Cherries and blackcurrant stand out as the primary fruit with an underlying leafy and tomato-like aroma blending in. And then there’s the trademark balsamic taste clearly present throughout the show. The texture is fine-grained and juicy and there’s a cool touch of iron on the finish line. Though you will not be surprised to learn that this wine spent a year in giant used barrels there are no signs of excessive oak flavors in this one. And thank god for that!

Genes + place + skills

Equals…

Campinuovi Montecucco Sangiovese 2016

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Max sein Wein Blanc 2019

Max sein Wein Blanc 2019

Orange to the Max

Actually it’s orange from the Max.

Max Baumann that is. A twenty-something young man making wine from his inherited 3½ ha of vineyards in Baden, Germany.

Blanc 2019 is Müller Thurgau, Gewürztraminer and Sylvaner vinified separately and assembled into an orange wine.

Citrus, herbs and white peach florality.

Lightweight and easy drinking.

My kind of orange.

Max sein Wein Blanc 2019

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Sziegl Pince Bábel 2019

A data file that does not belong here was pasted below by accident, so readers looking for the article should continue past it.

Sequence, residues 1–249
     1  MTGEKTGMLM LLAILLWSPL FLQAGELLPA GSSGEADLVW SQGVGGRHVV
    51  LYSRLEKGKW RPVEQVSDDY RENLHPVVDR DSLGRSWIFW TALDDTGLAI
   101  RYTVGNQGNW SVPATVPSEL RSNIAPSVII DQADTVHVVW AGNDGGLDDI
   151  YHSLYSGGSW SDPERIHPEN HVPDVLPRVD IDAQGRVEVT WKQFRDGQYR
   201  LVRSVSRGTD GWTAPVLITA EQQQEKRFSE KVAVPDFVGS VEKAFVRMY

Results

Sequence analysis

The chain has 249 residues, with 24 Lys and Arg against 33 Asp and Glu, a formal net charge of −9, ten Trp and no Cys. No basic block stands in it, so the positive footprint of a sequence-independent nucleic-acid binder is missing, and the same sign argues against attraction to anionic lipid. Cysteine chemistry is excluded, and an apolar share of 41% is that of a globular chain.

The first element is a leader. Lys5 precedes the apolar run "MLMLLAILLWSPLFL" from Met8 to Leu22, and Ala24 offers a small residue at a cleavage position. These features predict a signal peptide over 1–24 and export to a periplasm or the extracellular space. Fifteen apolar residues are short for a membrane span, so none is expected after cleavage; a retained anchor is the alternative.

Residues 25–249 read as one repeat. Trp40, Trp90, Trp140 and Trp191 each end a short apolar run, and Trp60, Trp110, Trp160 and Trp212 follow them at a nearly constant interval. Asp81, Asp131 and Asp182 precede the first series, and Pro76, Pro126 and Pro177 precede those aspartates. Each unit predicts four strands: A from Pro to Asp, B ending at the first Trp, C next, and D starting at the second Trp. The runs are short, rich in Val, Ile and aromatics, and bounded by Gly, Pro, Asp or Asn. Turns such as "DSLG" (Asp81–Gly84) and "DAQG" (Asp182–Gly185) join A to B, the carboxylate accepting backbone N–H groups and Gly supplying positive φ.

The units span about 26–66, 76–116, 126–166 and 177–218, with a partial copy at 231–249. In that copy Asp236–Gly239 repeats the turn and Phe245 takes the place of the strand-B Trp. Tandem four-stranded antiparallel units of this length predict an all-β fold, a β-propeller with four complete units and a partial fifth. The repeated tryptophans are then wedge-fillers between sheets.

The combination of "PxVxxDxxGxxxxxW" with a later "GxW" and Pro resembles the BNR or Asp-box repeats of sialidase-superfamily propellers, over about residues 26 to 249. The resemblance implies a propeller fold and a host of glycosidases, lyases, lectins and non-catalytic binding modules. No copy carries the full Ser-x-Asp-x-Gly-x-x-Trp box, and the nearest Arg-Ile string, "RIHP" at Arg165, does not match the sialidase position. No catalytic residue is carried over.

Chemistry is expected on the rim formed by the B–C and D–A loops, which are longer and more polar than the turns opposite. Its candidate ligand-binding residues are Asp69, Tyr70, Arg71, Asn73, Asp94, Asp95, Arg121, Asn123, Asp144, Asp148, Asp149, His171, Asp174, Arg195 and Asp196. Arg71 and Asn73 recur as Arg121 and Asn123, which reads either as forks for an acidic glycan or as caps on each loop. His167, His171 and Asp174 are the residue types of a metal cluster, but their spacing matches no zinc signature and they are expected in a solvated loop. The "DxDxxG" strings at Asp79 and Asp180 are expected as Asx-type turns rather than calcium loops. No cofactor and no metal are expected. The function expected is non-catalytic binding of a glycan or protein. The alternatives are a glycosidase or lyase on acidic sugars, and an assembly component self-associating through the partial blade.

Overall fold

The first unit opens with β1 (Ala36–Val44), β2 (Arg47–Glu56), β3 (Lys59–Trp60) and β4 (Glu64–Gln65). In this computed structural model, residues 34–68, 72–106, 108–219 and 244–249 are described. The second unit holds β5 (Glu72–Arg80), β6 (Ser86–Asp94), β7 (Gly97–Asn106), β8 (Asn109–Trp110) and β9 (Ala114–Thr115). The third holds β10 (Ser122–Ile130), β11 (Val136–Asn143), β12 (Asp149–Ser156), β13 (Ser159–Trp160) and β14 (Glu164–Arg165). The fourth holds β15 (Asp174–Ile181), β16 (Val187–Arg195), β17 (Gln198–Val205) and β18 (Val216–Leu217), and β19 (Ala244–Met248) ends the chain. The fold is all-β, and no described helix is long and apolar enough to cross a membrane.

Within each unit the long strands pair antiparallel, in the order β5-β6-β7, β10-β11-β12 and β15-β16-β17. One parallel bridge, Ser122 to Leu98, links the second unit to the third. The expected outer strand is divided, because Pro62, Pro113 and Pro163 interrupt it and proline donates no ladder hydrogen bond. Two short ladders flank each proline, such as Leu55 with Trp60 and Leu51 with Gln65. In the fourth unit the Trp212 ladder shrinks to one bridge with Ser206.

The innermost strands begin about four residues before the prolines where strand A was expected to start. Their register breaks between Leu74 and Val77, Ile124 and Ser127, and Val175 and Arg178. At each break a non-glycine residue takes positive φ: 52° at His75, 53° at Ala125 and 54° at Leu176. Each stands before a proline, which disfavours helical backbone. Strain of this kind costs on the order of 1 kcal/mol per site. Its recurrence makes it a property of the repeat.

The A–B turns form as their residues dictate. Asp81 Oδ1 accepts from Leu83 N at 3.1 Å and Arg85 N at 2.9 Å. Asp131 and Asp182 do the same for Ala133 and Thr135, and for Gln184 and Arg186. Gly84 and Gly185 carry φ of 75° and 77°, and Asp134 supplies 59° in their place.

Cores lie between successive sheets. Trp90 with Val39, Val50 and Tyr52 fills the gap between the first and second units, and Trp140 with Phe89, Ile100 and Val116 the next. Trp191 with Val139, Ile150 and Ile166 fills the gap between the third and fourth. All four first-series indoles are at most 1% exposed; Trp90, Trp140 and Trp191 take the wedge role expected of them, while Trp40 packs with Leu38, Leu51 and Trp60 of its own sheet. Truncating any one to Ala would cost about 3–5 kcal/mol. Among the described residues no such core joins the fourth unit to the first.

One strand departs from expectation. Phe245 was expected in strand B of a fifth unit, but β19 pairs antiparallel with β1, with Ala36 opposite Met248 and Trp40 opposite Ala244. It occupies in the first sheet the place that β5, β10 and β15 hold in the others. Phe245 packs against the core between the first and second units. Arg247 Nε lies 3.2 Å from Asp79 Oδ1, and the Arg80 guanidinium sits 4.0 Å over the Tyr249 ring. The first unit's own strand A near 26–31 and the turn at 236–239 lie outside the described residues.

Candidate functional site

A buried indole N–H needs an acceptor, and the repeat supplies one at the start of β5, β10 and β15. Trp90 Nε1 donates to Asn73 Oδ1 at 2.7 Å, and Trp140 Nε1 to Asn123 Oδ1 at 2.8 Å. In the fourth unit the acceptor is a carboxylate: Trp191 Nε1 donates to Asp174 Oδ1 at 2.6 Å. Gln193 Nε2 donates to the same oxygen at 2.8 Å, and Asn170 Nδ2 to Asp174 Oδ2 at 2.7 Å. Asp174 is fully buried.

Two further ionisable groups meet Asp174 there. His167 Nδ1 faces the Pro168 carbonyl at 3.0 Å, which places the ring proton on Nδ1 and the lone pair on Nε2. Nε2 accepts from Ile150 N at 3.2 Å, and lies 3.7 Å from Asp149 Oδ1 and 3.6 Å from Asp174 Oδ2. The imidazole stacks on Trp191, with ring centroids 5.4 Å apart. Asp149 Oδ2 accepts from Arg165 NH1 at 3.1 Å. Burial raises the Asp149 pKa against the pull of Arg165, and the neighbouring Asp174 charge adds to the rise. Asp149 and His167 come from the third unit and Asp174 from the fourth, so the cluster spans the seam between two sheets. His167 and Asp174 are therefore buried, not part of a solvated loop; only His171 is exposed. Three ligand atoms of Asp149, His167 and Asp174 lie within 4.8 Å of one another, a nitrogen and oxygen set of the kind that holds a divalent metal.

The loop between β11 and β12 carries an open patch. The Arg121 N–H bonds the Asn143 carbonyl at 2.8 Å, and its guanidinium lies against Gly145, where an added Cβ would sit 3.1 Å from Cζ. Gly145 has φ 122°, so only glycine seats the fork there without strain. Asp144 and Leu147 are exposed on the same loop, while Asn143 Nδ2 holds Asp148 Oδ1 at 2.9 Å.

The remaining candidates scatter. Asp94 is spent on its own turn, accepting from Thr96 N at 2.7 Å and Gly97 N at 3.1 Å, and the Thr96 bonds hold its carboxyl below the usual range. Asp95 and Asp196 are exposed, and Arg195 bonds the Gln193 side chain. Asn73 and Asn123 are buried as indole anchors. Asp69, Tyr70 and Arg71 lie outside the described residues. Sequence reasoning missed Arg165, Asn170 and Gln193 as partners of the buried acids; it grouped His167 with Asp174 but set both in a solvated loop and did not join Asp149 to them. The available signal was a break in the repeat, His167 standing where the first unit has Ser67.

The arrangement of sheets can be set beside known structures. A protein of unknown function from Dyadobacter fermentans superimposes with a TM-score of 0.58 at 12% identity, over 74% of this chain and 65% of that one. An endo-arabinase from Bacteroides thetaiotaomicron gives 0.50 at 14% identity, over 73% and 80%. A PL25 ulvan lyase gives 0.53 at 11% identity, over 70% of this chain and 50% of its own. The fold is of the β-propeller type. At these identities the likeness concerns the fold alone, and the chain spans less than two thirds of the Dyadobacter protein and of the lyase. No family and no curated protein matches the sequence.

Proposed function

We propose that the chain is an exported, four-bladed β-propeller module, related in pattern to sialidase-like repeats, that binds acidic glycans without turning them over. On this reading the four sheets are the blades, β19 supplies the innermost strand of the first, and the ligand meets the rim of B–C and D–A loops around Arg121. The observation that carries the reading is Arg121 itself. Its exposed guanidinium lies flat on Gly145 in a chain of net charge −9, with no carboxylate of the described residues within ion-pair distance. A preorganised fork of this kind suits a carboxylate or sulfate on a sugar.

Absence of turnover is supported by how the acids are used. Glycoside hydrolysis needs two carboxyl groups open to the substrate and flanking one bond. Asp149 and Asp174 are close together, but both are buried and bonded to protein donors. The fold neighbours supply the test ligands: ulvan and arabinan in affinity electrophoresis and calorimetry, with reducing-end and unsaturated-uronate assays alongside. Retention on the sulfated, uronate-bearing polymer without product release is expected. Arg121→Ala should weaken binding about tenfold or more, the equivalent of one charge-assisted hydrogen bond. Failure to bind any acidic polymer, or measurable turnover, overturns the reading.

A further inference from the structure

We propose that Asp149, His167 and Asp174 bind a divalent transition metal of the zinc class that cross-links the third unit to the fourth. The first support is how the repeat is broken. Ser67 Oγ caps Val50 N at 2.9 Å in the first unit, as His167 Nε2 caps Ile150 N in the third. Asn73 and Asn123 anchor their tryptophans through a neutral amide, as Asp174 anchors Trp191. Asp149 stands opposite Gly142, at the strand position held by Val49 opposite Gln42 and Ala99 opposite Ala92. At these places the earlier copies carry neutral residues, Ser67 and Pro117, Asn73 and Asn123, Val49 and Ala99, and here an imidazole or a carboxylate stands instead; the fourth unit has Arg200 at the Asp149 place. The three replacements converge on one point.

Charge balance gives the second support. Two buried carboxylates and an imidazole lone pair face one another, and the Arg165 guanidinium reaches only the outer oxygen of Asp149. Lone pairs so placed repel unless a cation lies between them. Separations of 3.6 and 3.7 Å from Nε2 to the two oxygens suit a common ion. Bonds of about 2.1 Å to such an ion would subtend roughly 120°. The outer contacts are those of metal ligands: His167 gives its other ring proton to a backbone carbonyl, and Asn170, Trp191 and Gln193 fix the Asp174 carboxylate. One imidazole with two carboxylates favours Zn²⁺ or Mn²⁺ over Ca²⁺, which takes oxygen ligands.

Raspberry tornado

Just wait ’til you pour Bábel into your glass (and please do that when the sun shines).

The luminescent, raspberry red color of this Hungarian charmer certainly whets my appetite every single time I see it. And the best part… the beautiful appearance on the eyes matches that of the nose and mouth with impressive precision.

Bábel is a raspberry tornado.

Its modest (12%) alcohol content is almost unnoticeable.

Which makes it juicy beyond all limits.

– and dangerous indeed!

Pure evil 🙂

Sziegl Pince Bábel 2019

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Garalis Terra Ambera 2019

Garalis Terra Ambera 2019

Catching sunshine

Muscat of Alexandria is a variety that seems to contain an endless stream of generosity. I spent many days and nights in its company on the island of Pantelleria where it goes under the name of Zibibbo.

On a Greek island (similarly vulcanic, roughly six times the size and 1200 km east of Pantelleria) Muscat of Alexandria is also the main ingredient in their wines.

The island of Lemnos.

A native to Lemnos, Manolis Garalis has made wine from Muscat of Alexandria since 2006. Or put in a another way, Manolis has helped his Muscat grapes do what they do best…

Catching sunshine!

Because that’s the feeling you get from the very first interaction with this wine. How on earth can a grape absorb those amounts of sweet summer scents? It is packed… with a colorful range of tropic fruits like tangerine, mango, pineapple, lemon and orange peel.

Its flowery aromas and stony backdrop heightens the experience to a level far above the islands hotel cocktails that may contain the same fruity ingredients but lack the genius of the interpreter (Muscat) and her assistant (Manolis).